It was 10 years ago last month that I began writing what would eventually become “Managing Online Forums.” April 28 will mark 5 years that it has been in publication.
Digging through my emails, the earliest message that I can find mentioning the project is in May of 2004. I had told some friends about it before that, but it was via instant message. I kept the whole project very close to the vest, not even telling my family until I had an offer from a publisher. The email was sent to Jared Smith, Chrispian Burks and Stephan Segraves. It was titled “Book/Long Article.” Note that I had not yet committed to the idea of it being a book and was not sure if I could do it. It included this:
“As you know, I’ve been working when I can on a book/long article on Internet Community Development. It is sitting at 38,888 words right now. I wanted to ask you if you might want to take a look at it, read it, let me know what you think and possibly suggest some new things for me to cover (if you had any). No real rush, just when you can.”
In 2005, I signed a deal with a small publisher but months later, they dropped me, deciding that it didn’t fit in with their titles, after re-evaluation. I emailed Stephan and he said: “The book definitely has the potential to be very, very popular, publishers just need to realize it.”
That week, after being dropped, I contacted Jeremy Wright and asked for him to introduce me to his agent, Neil Salkind. Within a few weeks, I signed and went to work on proposals and on expanding the tentatively titled “Managing Internet Community Forums.” It took years and many, many publishers saying no. But finally, one editor (Jacqueline Flynn of AMACOM) said that she wanted it. A year later, it was released.
Community management wasn’t the hot job it is now. But in my proposal, written 8 years ago, I said that I wanted to write a book that would “focus on forums, but with principles that can be applied to most types of internet communities” and would “give everyone something to think about and to broaden their community management knowledge.”
I’ve been very grateful for how well the book has been received and adopted. From veterans of the profession to people who are brand new, small communities and large corporations, people have found value in it and utilized it as a resource as they grow their own online communities. It’s always meaningful to me when I see someone utilizing some piece of strategy I provided, using my guideline examples or something similar.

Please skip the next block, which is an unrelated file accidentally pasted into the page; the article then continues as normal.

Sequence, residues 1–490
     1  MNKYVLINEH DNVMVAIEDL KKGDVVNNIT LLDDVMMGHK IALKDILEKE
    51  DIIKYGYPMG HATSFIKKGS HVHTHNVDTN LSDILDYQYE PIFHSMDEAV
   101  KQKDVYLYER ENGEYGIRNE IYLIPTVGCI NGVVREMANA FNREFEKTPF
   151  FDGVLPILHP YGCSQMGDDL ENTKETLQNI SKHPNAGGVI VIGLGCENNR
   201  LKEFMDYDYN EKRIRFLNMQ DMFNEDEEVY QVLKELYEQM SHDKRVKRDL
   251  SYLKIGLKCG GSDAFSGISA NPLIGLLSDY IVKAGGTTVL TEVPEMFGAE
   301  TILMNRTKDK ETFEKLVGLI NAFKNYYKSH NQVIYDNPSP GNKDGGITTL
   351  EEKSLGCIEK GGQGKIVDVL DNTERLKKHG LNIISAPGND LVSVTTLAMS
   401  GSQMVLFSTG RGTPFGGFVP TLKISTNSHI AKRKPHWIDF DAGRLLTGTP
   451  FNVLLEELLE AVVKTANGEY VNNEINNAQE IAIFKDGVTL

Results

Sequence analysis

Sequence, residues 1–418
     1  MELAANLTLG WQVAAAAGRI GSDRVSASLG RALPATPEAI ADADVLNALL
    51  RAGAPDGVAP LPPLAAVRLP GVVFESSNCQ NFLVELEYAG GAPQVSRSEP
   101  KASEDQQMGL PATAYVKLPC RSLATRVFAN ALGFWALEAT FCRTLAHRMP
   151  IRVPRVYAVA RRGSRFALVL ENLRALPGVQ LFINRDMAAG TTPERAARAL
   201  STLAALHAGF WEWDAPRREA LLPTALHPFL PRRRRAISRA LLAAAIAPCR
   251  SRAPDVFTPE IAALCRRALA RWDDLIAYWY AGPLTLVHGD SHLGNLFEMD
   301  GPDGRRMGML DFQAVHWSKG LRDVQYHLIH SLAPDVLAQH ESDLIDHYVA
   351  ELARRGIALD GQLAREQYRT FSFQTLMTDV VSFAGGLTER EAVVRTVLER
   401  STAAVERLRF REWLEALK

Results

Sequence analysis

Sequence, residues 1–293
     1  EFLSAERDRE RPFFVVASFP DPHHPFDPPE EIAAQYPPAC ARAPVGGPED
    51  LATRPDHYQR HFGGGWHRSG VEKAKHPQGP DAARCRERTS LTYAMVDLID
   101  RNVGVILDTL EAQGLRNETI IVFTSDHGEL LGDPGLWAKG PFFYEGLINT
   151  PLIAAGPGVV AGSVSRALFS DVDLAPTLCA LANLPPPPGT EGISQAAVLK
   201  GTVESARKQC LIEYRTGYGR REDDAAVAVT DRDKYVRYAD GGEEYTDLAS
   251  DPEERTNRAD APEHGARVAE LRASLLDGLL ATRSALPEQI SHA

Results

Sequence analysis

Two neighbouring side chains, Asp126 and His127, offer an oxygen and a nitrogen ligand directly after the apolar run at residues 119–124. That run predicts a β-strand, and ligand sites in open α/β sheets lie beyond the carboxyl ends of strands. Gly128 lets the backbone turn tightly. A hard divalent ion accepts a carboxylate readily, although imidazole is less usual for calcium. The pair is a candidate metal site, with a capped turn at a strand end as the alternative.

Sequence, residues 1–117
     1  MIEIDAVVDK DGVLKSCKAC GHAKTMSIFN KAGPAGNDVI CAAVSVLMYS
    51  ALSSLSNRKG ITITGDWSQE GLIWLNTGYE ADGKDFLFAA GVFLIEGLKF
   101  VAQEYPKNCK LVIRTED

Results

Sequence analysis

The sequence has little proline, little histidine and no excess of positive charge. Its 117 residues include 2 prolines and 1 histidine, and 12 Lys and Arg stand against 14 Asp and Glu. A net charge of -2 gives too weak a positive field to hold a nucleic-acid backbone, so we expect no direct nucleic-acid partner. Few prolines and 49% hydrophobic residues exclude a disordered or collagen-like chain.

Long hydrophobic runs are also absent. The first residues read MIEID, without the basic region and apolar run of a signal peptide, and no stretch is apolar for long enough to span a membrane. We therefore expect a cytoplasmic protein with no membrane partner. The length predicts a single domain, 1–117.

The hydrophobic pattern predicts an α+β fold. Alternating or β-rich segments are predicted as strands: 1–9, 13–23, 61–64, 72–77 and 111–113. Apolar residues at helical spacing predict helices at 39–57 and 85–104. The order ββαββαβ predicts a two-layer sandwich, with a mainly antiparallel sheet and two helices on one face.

I am humbled by and proud of the reviews that the book has received. For example, I remember reading the reviews written by Chris Brogan, Jason Falls and Jay Baer for the first time and being blown away that they even took the time, for someone they didn’t really know, and touched by how kind they were. Those emotions were repeated more than a few times as different people reviewed the book. I was similarly amazed when I received advance praise from recording artist and producer Ryan Leslie. And, of course, all of the reviews and advance praise meant a lot to me. Thank you to everyone who provided them.
I’m proud that the book has 64 reviews on Amazon.com and 77 across all Amazon sites. I have this crazy dream that a book about forums could hit 100 reviews on Amazon. The important parts of the book are still as relevant today as when they were released, so I feel like we could do it. Maybe I’m crazy. Similarly, it’s astonishing to me that the book is in at least 766 libraries.
I’m grateful for how community management veterans have embraced my work, those who came up after me, with me or before me. People like Rebecca Newton, Bill Johnston and Martin Reed. When Rebecca called the book, “the ‘Strunk and White’ for online forums,’ that really meant a lot.
There are many people I could thank. Everyone who has purchased the book, everyone who has shared the book, everyone who has reviewed it, everyone who has said a kind word or otherwise supported it. Thank you.
Thank you to my family and my friends mentioned above – Jared, Chrispian, Stephan and Jeremy – in addition to Brandon Eley for their support. Thank you to Neil, Jacquie, all of the people at AMACOM, all of the current and former staff members on my forums and everyone in the book’s acknowledgements.
The passage of time is crazy. To think that 10 years has passed since I had the idea for the book is hard to fathom. But with 10 years comes a lot of personal development and many relationships and friendships that I am grateful for. Thank you.